7 relayers have so far relayed blocks through MEV-Boost (Flashbots, BloXroute Max Profit, BloXroute Ethical, BloXroute Regulated, Blocknative, Manifold & Eden). To bootstrap relay competition we deliberately avoided enshrining the Flashbots relay as default in MEV-Boost. We do however see that the Flashbots relay is currently relaying 84% of MEV-Boost blocks, 42% of all blocks proposed on the network.

From the Flashbots Transparency dashboard

unique builders have so far had blocks proposed through MEV-Boost. The first days after the Merge the Flashbots builder was producing 80% of MEV-Boost blocks, the trend has been going down ever since and today that number is roughly 50%. Every block that is built by Flashbots contain a reminder of our commitments and our approach to mitigating the MEV crisis:

  • To Illuminate the Dark Forest,
  • To Democratize Extraction, and
  • To Distribute Benefits

From MEV-Boost Dashboard by ChainsightAnalytics

From @0xdef1

Toward an open research and development process for MEV-Boost

MEV-Boost is built by Flashbots in collaboration with the Ethereum Foundation and client teams as neutral infrastructure. Flashbots are committed to building an open, permissionless, and transparent MEV ecosystem and MEV-Boost is designed from the ground up with Ethereum security as the primary objective.

To reduce reliance on Flashbots and accelerate the on-going maturation of the market we will submit our builders’ blocks to other relays to help them bootstrap adoption. We will also be open sourcing more of our knowledge and infra in the coming weeks.

We will commit additional resources to research ways to limit builder power and centralization, for example by using inclusion lists. We are also issuing a grant for the development of a relay monitor, which will help the community impartially evaluate and monitor the performance of relays.

For additional context on MEV-Boost, our (currently) centralized infrastructure, and competition please see this note posted by Robert Miller.

The systemic importance of MEV-Boost makes it necessary to be thoughtful about how ongoing research and development should be organized. Chris Hager initiated a conversation on the forum to kickstart the discussion on what a collaborative, open and effective R&D process to MEV-Boost should look like. Please join the conversation and share your thoughts on how we can collectively navigate the path forward!

Flashbots Research

Order flow, auctions and centralisation

Quintus Kilbourn published a two-part article on order flow, auctions and centralisation. The first part describes the potential for exclusive order flow (EOF) to centralize the builder market and render it uncompetitive. Having uncontestable builders with disproportionate control over the incentives of the network would be a serious threat to PBS and the health of Ethereum.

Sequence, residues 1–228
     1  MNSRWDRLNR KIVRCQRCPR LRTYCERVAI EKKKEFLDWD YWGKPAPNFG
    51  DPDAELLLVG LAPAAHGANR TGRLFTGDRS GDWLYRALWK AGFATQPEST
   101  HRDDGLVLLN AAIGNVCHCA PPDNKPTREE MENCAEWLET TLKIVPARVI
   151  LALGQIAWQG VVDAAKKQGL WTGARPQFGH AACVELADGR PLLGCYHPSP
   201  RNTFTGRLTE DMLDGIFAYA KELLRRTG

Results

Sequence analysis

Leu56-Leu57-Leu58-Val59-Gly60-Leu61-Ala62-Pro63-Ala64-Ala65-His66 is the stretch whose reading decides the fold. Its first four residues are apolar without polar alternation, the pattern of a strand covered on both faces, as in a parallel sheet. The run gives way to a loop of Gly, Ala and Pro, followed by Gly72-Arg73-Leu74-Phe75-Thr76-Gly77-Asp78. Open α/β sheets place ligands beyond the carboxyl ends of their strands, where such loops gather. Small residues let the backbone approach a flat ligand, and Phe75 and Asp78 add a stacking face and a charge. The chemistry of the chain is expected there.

The second part looks at order flow auctions as a way to counteract the dangers of EOF and describes how “explicit” and “implicit” auctions can help a user internalize MEV. The article argues that order flow auctions can address part of the EOF problem and explores meaningful differences between these two auction design types, while identifying similarities that point to a more fundamental problem.

Feel free to also watch the presentation from SBC-MEV and participate in discussion on the forum (part I, part II).

Modelling Realised Extractable Value in Proof of Stake Ethereum - an update of validator return post-merge.

Elaine Hu published a paper that presents three methodologies to model MEV using historical observed realized extractable value (REV) data. The model is able to estimate a range of validator returns under different network conditions and provides a new way to anticipate block rewards in proof of stake Ethereum. Elaine also gave a presentation on the topic at SBC MEV.

Can First Come First Served-Based Transaction Ordering Prevent Front-Running?

Robert Annessi explores what needs to be true for First Come First Serve (FCFS) ordering protocols to provide frontrunning resistance in a permissionless setting. The article highlights the importance of the front-runner’s position within the network, and how front-running mitigation can be improved if privileged positions within the network are hindered. It describes how FCFS-based ordering of transactions may reduce the downsides of specific front-running prevention mechanisms and how FCFS-based ordering can mitigate front-running to a certain extent but cannot prevent it completely. Feel free to also join the discussion on the forum.


Xinyan published a post on the Arbitrum research forum that presents FBA-FCFS (frequent batch auction first come first serve) and argued for why it maintains the same no-frontrunning guarantee to users, while improving UX and fairness guarantees.

Public appearances, podcasts and events

Flashbots and the Ethereum Foundation hosted SBC-MEV on September 1 – A one day event with talks and workshops focused on the latest questions around MEV & PBS. Recording and slides from the 13 talks can be found here.